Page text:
The Tax Court held that it lacked statutory jurisdiction to review this determination because the Form SS-8 process is not an “examination.” Section 7436(a) of the Internal Revenue Code grants the Tax Court jurisdiction over employment status if “in connection with an audit of any person, there is an actual controversy involving a determination by the Secretary as part of an examination.” But the Form SS-8 process is not an “audit” or “examination”; rather, it is a voluntary compliance process involving no specific tax liabilities or assessments. Therefore, the Tax Court dismissed the case for lack of jurisdiction.

Once the IRS rules that an individual is an employee on the basis of a Form SS-8 submission, the employer has no right to appeal the determination. The IRS will send a follow-up letter to the employer asking whether the employer has filed Forms 941-x to pay the applicable FICA taxes based on the determination, whether the employer is eligible for Section 530 relief, and whether the employer has reasons for believing the IRS determination is incorrect. Given the obligation to provide health insurance to employees or face a potential tax penalty, the employer should expect an increased number of Form SS-8 submissions by independent contractors and increased focus on worker classification issues by the government.

If the employer fails to treat the individual as an employee following a Form SS-8 determination, the individual may file Form 8919 to report his or her share of FICA taxes. The same form can be used while a Form SS-8 is pending for the individual or if the individual was provided both a Form 1099-MISC and a Form W-2 and believes the income reported on the Form 1099 should have been included on Form W-2.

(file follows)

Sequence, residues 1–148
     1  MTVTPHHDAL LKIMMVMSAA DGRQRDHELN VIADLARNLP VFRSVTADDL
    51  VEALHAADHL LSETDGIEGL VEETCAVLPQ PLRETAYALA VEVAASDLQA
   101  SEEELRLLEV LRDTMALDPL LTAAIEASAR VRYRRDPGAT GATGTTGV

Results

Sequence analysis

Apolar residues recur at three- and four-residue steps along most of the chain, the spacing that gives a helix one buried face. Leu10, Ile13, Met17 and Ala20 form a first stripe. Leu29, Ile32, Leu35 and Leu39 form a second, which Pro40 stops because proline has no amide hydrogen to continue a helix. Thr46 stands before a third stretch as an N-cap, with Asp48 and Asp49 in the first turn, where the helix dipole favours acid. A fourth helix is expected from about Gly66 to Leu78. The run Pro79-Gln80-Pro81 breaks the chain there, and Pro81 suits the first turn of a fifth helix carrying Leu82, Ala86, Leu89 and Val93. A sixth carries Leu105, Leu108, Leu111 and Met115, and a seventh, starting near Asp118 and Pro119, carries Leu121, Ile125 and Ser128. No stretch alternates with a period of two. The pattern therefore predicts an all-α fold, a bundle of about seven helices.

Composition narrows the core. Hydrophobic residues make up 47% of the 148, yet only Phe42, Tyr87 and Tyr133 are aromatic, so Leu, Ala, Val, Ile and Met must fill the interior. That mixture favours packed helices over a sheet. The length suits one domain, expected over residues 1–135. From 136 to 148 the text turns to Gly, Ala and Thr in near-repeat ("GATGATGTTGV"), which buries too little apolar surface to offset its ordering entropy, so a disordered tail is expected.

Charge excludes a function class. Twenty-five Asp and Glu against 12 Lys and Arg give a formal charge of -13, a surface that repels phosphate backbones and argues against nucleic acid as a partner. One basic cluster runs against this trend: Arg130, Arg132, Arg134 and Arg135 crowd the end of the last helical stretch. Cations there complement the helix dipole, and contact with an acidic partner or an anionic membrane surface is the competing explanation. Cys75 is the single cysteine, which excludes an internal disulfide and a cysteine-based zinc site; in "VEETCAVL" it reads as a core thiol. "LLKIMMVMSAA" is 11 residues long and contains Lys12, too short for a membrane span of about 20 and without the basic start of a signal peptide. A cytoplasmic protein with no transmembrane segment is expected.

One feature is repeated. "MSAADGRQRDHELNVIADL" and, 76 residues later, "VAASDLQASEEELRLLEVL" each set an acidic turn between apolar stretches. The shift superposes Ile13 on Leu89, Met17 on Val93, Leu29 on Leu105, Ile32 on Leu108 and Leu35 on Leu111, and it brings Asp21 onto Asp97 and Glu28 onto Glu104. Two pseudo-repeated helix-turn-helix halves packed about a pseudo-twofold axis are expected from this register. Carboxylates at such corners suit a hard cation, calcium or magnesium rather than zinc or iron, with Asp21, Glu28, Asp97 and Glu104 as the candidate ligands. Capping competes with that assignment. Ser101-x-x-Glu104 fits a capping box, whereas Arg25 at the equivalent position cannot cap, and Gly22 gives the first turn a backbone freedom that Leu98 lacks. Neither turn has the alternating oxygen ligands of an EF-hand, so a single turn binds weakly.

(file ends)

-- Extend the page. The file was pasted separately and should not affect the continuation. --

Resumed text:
First Friday FATCA Update

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April 1, 2016

Recently, the Internal Revenue Service released the Competent Authority Agreement (CAA) between the United States and Turkey.  This CAA implements the Model 1A Intergovernmental Agreement (IGA) the parties entered into on July 29, 2015.

Since our last monthly FATCA update, we have also addressed other recent FATCA developments:

  • The Canadian government expressed support for FATCA despite concerns about how FATCA impacts Canadian citizens’ privacy rights (see previous coverage).
  • New Zealand released guidance explaining how FATCA applies to New Zealand trusts that maintain or hold financial accounts (see previous coverage).

Under FATCA, IGAs come in two forms: Model 1 or Model 2.  Under a Model 1 IGA, the foreign treaty partner agrees to collect information of U.S. accountholders in foreign financial institutions (FFIs) operating within its jurisdiction and transmit the information to the IRS.  Model 1 IGAs are drafted as either reciprocal (Model 1A) agreements or nonreciprocal (Model 1B) agreements.  By contrast, Model 2 IGAs are issued in only a nonreciprocal format and require FFIs to report information directly to the IRS.

A CAA is a bilateral agreement between the United States and the treaty partner to clarify or interpret treaty provisions.  A CAA implementing an IGA typically establishes and prescribes the rules and procedures necessary to implement certain provisions in the IGA and the Tax Information Exchange Agreement, if applicable.  Specific topics include registration of the treaty partner’s financial institutions, time and manner of exchange of information, remediation and enforcement, confidentiality and data safeguards, and cost allocation.  Generally, a CAA becomes operative on the later of (1) the date the IGA enters into force, or (2) the date the CAA is signed by the competent authorities of the United States and the treaty partner.

The Treasury Department website publishes IGAs, and the IRS publishes their implementing CAAs.